Big is NOT beautiful when it comes to Marine Harvest - the McDonald's of the salmon farming world.
Photo: John Fredriksen, owner of Marine Harvest, and 87th richest person in the world worth $11.5 billion according to the Forbes Rich List!
Marine Harvest owner John Fredriksen, who looks as if he's eaten more than his fair share of farmed salmon and Big Macs, was nicknamed 'McFreddy' by the Norwegian media in 2007 following Marine Harvest's link up with McDonald's.
The Norway-only trial of the 'Laksewrap' (Salmon Wrap) was meant to "catch on internationally". "It is very exciting to cooperate with McDonalds and launch such a healty and delicious product at the fast food chain", said Arne Hjeltnes, Communication Director in Marine Harvest.
However, even the rabidly pro-salmon farming Norwegians found the 'Laksewrap' left a bad taste in the mouth.
In 1997, McDonald's were sued when "four people, including two McDonald's employees, were hospitalized after eating tainted McLaks salmon burgers at a restaurant in Lorenskog, located in the outskirts of Oslo". McDonald's Norway confirmed that the food poisoning materialized from a "corrupted" consignment of salmon fillets delivered by the Norwegian fish firm West Fish, based in Alesund. Separate legal actions against McDonald's were filed by the four people who claimed they became sick after consuming McLaks burgers. "At first the McLaks tasted very good, but after some minutes my mouth and throat became numb, and I experienced internal spasms," said Geir Sundberg, one of the four filing suit against McDonald's.
Advertising Age reported under "1997 Ad Follies":
"In Norway, McDonald's pulled the McLaks salmon burger off the market after four customers were treated for food poisoning. McLaks had been a hit with health-conscious Norwegians, and McDonald's had been considering expanding the product to Sweden and Denmark"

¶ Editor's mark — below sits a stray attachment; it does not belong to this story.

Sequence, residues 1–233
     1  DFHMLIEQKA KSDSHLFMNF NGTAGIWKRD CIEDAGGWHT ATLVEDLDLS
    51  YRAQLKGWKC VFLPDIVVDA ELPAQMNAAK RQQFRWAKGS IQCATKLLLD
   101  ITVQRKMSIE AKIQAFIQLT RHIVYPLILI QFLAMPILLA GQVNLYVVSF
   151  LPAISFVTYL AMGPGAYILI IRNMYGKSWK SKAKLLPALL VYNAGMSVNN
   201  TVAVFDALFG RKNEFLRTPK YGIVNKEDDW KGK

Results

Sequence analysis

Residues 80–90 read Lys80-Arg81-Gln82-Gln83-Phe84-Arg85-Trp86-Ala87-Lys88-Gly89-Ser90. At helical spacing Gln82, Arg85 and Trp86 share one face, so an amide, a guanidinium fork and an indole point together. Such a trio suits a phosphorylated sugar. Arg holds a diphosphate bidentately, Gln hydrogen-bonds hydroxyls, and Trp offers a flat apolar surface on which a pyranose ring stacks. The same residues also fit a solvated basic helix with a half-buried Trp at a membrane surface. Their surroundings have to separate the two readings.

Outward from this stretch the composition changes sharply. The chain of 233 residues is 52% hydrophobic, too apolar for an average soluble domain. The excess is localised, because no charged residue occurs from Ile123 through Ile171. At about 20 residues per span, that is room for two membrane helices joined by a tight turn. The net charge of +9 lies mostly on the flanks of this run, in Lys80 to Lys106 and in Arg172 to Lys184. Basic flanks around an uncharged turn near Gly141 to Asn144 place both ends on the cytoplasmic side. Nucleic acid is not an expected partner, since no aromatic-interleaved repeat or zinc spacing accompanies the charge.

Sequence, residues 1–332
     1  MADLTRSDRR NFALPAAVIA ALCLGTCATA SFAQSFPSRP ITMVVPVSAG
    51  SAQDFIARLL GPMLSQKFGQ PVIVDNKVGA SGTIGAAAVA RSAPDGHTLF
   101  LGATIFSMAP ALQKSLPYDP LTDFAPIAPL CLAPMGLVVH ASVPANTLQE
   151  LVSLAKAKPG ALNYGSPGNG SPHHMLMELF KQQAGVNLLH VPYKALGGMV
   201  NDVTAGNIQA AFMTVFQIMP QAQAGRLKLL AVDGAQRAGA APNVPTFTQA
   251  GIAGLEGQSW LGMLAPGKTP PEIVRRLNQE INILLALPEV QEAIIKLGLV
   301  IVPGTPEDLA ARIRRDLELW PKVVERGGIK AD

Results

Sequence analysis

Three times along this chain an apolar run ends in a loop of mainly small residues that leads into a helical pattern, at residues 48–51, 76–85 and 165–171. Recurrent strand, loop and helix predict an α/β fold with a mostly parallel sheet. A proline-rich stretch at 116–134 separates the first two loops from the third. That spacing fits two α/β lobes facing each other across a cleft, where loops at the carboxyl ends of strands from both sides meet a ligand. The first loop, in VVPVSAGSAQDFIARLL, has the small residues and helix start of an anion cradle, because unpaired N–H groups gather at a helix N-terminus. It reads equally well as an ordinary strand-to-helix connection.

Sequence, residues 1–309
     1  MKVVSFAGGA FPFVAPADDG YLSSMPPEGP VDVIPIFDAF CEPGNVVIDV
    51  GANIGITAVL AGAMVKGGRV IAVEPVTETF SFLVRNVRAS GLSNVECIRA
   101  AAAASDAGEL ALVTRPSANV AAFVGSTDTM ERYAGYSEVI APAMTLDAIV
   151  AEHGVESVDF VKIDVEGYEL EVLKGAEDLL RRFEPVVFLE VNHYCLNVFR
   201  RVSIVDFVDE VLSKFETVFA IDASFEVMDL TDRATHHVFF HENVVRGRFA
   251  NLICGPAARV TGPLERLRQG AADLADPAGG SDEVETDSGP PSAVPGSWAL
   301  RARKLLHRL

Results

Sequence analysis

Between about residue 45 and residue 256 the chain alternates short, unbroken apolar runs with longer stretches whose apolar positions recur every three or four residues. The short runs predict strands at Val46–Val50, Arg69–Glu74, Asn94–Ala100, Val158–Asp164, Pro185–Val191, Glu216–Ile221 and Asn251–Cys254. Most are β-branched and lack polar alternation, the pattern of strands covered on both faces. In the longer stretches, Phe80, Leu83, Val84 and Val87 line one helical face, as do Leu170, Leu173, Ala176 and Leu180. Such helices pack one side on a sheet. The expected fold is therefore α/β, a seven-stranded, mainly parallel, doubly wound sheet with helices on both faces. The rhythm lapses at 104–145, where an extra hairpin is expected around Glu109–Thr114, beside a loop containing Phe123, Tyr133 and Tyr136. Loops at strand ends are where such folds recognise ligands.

Super-sized salmon farming is one sick business that even Morgan Spurlock would find stomach-churning. Marine Harvest's 2012 Annual Report published just last week (26 April) revealed the scale of the sea lice crisis - with rising sea lice infestation rates in Ireland, Scotland and Chile:
Marine Harvest's Q1 2013 report published yesterday (30 April) also revealed infectious disease problems:
Sea lice infestation and antibiotic use are also increasing:
In Chile, "seawater costs have increased due to higher sea lice mitigation costs" and "the sealice load at the end of the quarter was higher than at the corresponding time in 2012".
A Marine Harvest/Cermaq merger would be a marriage made in hell - with Cermaq's Chilean subsidiary Mainstream Chile also experiencing high sea lice infestation rates (as presented in Cermaq's 'Sustainability Report 2012':
In Ireland, Marine Harvest now controls around 70% of Irish salmon farming production and has a super-sized sea lice problem. Undercurrent News reported in December 2012:
Read more via "FishyLeaks"
Two thousand protestors gathered in Galway in March 2013 to voice their concerns at the super-sized 15,000 tonne salmon farm proposed for Galway Bay.
Watch a video report via "Feck Off To Fish Farms in Galway Bay!"
The Irish Times reported in December 2012:
If the mega-merger goes ahead, expect to see farmed salmon served not only at McDonald's but also KFC and Findus.